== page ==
Center Stage with Harry Geller ’81, Entrepreneur-in-Residence

If you’ve ever been to a Pitch Dingman informal session, it’s likely you’ve met Entrepreneur-in-Residence Harry Geller. Harry generously volunteers his time every Friday to meet with students, providing advice and valuable feedback on starting a new business. He also helps prepare students for Pitch Dingman competitions, coaches students participating in the China Business Plan Competition, and mentors Cupid’s Cup finalists. Keep reading for Center Stage with Harry Geller.

How did you get involved with the Dingman Center?

About 8 years ago I worked with the Smith School of Business mentoring MBA students and at the time I was still quite busy with my various business interests. In early 2009, I sold my interest in a large restaurant group and approached [former managing director] Asher Epstein with the idea that I had more time and wanted to spend it helping aspiring entrepreneurs.

What do you look for in a good pitch?

An idea that is easily understandable within the first 15 seconds. The simpler the better.

How did you start your first business?

How most people do – after years working in a specific industry, in my case the logistics field, I became frustrated with the corporate world. I figured I could do it better than the company I was working for.

What has been your greatest entrepreneurial challenge?

My first startup experienced hyper growth. Being 20-something and virtually overnight managing hundreds of people and tens of millions of dollars in sales was quite a challenge.

What made you want to work for yourself?

My dad was an entrepreneur and I spent a lot of my early years around the various businesses he had in Washington, DC, so I had a good basis for entrepreneurship.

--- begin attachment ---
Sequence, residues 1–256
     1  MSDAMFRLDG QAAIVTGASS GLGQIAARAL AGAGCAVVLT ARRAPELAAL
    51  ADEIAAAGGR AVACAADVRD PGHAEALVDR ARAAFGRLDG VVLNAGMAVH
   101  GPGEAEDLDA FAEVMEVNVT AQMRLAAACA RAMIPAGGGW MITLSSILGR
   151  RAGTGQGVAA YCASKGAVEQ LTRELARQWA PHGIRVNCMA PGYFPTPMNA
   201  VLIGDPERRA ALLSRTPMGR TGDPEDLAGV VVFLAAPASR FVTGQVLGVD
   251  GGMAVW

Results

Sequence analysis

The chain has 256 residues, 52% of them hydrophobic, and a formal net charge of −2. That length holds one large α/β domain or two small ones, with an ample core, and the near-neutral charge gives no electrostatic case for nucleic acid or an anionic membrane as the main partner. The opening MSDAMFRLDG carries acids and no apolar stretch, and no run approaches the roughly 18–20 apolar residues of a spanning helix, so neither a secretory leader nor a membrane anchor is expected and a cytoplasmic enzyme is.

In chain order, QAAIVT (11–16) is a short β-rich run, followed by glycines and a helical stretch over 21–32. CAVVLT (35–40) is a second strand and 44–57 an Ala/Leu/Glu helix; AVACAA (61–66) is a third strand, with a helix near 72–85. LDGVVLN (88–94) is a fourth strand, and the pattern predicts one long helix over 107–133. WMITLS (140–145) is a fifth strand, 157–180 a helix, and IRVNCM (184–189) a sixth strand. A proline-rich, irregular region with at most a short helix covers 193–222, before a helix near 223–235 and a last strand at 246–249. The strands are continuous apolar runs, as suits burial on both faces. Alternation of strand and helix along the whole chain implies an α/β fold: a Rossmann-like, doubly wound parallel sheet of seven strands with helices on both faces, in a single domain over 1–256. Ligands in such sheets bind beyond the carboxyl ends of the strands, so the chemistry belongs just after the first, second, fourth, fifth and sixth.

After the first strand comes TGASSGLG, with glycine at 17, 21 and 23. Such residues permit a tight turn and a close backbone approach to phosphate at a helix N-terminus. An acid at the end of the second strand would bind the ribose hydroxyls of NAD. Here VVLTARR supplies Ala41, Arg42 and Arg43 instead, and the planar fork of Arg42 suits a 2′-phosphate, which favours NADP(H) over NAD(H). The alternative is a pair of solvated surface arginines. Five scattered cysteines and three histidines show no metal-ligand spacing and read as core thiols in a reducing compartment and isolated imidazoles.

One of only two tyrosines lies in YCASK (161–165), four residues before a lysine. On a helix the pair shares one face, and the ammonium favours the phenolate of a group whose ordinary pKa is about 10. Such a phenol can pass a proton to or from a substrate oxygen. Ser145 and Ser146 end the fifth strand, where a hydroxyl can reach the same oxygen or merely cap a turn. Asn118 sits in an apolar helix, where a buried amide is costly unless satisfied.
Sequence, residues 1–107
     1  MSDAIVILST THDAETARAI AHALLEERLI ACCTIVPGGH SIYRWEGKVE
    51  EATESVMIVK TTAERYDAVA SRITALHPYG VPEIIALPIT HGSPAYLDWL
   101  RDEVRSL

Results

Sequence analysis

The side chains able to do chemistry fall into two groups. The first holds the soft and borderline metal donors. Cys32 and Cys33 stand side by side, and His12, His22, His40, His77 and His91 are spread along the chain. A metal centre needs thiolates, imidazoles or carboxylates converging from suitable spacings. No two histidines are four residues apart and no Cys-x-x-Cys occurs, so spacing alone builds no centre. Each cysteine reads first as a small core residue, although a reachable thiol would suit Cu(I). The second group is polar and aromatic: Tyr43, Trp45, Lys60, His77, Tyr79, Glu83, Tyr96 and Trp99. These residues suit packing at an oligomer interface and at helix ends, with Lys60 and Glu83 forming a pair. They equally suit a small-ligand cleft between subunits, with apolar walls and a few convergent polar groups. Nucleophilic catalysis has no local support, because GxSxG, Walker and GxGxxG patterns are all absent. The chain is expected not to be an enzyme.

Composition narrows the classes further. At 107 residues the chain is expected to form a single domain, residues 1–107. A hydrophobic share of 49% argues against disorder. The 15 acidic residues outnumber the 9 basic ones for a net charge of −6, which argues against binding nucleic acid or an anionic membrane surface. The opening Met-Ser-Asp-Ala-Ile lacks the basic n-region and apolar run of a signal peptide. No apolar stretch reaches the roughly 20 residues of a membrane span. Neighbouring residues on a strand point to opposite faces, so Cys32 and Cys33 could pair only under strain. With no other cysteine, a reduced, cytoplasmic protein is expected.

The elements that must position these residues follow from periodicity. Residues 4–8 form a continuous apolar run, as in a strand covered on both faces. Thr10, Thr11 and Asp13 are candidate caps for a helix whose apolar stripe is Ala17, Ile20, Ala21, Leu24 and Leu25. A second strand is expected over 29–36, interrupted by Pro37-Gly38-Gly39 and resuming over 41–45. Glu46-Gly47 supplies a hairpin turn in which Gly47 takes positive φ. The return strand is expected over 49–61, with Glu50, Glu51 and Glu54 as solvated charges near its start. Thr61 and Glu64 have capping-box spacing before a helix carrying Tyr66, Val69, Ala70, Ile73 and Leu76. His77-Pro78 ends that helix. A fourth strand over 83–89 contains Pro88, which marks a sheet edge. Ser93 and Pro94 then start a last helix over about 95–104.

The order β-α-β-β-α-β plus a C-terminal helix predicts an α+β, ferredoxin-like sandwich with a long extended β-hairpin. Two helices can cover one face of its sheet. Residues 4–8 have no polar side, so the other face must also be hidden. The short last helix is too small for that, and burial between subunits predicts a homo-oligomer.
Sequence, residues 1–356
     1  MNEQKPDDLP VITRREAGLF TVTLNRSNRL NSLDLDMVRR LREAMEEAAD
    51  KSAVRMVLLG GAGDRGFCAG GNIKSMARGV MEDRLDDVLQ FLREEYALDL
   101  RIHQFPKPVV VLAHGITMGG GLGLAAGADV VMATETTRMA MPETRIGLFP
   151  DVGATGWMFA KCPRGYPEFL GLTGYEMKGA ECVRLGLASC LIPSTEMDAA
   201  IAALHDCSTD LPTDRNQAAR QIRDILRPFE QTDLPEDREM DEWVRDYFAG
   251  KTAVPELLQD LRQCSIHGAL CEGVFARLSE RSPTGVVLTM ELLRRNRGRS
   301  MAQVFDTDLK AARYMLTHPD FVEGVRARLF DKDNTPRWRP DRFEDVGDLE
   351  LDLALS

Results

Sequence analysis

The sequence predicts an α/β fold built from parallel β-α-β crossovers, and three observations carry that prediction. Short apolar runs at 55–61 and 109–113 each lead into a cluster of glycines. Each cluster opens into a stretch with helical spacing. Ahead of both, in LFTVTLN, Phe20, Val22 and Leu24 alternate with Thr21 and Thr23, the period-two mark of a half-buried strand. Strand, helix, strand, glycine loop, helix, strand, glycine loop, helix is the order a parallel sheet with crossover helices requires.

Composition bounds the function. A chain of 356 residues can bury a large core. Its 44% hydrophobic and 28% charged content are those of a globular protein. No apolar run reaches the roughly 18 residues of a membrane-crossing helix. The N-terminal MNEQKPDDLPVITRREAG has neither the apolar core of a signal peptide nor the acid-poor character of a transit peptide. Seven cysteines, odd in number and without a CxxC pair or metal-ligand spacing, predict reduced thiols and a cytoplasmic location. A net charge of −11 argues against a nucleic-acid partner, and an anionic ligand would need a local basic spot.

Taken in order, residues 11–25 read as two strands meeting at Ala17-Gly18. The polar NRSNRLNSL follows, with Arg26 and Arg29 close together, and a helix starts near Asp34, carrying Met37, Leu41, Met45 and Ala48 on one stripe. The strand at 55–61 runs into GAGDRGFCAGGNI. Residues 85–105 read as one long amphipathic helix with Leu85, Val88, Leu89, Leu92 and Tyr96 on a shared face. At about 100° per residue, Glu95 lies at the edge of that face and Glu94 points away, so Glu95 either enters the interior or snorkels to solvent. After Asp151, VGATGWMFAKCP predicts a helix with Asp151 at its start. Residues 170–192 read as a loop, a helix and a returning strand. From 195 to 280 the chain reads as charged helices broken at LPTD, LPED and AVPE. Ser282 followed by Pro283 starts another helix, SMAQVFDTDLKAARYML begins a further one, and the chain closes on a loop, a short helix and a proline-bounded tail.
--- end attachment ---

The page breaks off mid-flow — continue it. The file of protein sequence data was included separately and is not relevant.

What makes a Cupid’s Cup winner different from companies that compete, but don’t win?

Showing passion for the idea, having a proven track record for execution, and being well prepared for the presentation.

What advice can you give to students entering a Pitch Dingman competition?

Use the resources at the Dingman Center to practice your pitch and develop your business idea. Have all your bases covered regarding what the idea is, what problem you’re solving, what market you’re serving, and what your competition is. Make sure the numbers add up, and refer to question 2, keep it simple so the judges understand right away what you are pitching.

Why do you spend so much time with the Dingman Center?

I’m blessed that I have the time, and I enjoy hearing business ideas and helping and learning from the next generation of entrepreneurs.

Harry Geller

Harry Geller is an Entrepreneur-in-Residence and a member of the Dingman Center Board of Advisors. He is also on the University of Maryland, President’s Advisory Board and has been an active mentor of entrepreneurial students at the Smith School. Harry founded SoDel Concepts, a successful restaurant development company focusing on upscale, relaxed resort dining that has opened and operated five fine and casual dining seafood restaurants. Previously, Harry owned and managed seven multi-million dollar businesses, mostly in the logistics and distribution fields. He is the former CEO of the America’s of Deutsche Post, the world’s largest logistics company that now operates under the DHL/Global Mail name. Four of his companies have been named to the INC. 500 list of fastest growing companies, the most recent one in 2009. Geller is married to a successful entrepreneur Nicole, and they have two children, residing in McLean, Virginia.

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